|Submission Date||Aug. 26, 2016|
San Jose State University
EN-9: Community Partnerships
|3.00 / 3.00||
Center for Community Learning and Leadership
Does the institution have at least one formal sustainability partnership with the local community that meets the criteria as “supportive”?:
A brief description of the institution’s supportive sustainability partnership(s) with the local community:
In 2014, SJSU's College of Engineering launched an EPICs (Engineering Projects in Community Service) Program with partners with regional community-based organizations, based on the model developed by Purdue University. The EPICS program reaches out to community partners to build a multi-year partnership in areas such as human services, access and abilities, education and outreach, and the environment. SJSU coordinates student volunteers and works with community partners to identify and provide design parameters for projects. An examples of recent project is Hygiene for the Homeless (designing and building a mobile shower unit using green design principals). The community partner for this project is the Gilroy Compassion Center. As Associate Dean from the College dedicates part of her time to supporting this effort as well as one College of Engineering faculty member who directly supports student work. Additional subject matter faculty experts also provide advice to small teams of engineering students.
Does the institution have at least one formal sustainability partnership with the local community that meets the criteria as “collaborative”?:
A brief description of the institution's collaborative sustainability partnership(s):
In April 2014, SJSU's Center for Community Learning & Leadership commenced a partnership with the Santa Clara County Creeks Coalition/Friends of the Coyote Creek Watershed that in July brought a partner/liaison on campus at SJSU. This liaison promoted creek restoration across various disciplines and recruited hundreds of SJSU students (and community members) to participate in monthly Creek Clean-ups. Faculty and students also organized a Coyote Creek HOWL Conference for campus and community members which drew 150 persons to workshops ranging from Fish & Game to Water Quality to Homelessness on our Creeks. CCLL provides office space, faculty and students collaborate with community members on a range of ecological projects.
The Coyote Creek Restoration Project continues this Academic School Year as "Keep Coyote Creek Beautiful" with the same partner/liaison. The partnership is overseen by the City of San Jose Environmental Services Department, includes the South Bay Clean Creeks Coalition, and interfaces with the Santa Clara Valley Water District. Hundreds of tons of legacy trash has been removed from the creeks. Monthly creek clean-ups continue; and a 2nd annual HOWL Conference is set for April. A Veteran Fellow from The Mission Continues further assists this long term initiative. Another leadership team of students are now working to shelter homeless off our waterways and into homeless villages. Project leads attend monthly meetings with a collaborative of agencies. This partnership is firmly established, has earned 2 state and 1 national award. As "Sustainability" is now a General Education Track, this initiative will be central in systemic change by direct education and civic engagement of students in ecological preservation.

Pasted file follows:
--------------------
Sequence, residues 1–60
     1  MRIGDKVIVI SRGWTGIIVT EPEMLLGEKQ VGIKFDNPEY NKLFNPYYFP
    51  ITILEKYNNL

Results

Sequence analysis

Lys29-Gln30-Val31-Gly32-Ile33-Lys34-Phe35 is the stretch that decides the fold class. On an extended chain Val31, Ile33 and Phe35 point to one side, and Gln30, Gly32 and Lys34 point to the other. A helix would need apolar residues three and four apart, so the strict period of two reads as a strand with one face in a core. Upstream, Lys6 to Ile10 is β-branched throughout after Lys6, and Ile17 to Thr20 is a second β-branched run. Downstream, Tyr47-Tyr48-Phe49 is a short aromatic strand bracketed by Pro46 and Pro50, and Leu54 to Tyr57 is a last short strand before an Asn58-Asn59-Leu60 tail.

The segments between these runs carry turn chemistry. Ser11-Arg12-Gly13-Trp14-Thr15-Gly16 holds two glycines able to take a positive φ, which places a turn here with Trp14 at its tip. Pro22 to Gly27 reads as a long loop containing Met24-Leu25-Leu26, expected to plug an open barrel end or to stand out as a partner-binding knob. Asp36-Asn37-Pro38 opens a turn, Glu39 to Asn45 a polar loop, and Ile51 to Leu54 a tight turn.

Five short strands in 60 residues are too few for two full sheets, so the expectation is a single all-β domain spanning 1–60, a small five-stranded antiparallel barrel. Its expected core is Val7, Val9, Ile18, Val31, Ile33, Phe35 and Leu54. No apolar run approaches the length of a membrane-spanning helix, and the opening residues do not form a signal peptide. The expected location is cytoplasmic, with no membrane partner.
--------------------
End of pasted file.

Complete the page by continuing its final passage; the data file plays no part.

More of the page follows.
Does the institution have at least one formal sustainability partnership with the local community that meets the criteria as “transformative”?:
A brief description of the institution's transformative sustainability partnership(s) with the local community:
Description: Established in 2005, CommUniverCity San Jose is a partnership of the Five Wounds/Brookwood Terrace communities, San Jose State University (SJSU) and the City of San Jose. SJSU concentrates service-learning classes in these neighborhoods in cooperation with the Neighborhood Advisory Council and the City. The broad goal of CommUniverCity is to build community in the neighborhoods and engage students in civic life while addressing the community development priorities identified by neighborhood residents. This is done by matching SJSU faculty and students who take their classes up with projects in the community that neighborhood leaders identify as important and that align with City objectives.
Below we provide evidence that CommUniverCity fits the criteria for a transformative sustainability partnership:
1) Scope: The 40-50 projects CommUniverCity spearheads each year are organized around three themes: community health, community building (both in terms of infrastructure and social capital), and creating a college-going culture in the local community. We focus our work in the underserved neighborhoods of District 3 of San Jose, which has a population of over 100,000 people. Sample program and projects include adult and youth financial literacy, in-class garden and environmental education classes for elementary school students along with cooking and nutrition classes and an extracurricular garden club program, and efforts to clean Coyote Creek through education and engagement of local residents, neighborhood leaders and residents, and City of San Jose departments. Recently, we launched a neighborhood leadership training program aimed at bring emerging and established community leaders together to build leadership capacity within the District's 25 neighborhoods as well as disaster preparedness project in Japantown.
2) Duration: CommUniverCity was established in 2005 and is going strong. It has the support of top leadership at the City of San Jose and San Jose State University. For example, in November 2015 the City and University signed a memorandum of understanding that sets aside $270,000 over the course of three years for both organizations to work on projects of joint interest.
3) Commitment: CommUniverCity's budget is approximately $800,000. Of that amount, approximately 1/3 is provided by SJSU as a budget line item, about 1/3 comes from the City through a combination of budget line items and fee-for-service work, and 1/3 comes from foundations. SJSU provides for a staffing level that including 2 faculty members, a community liaison, an administrative staff person, and about 6 part-time students.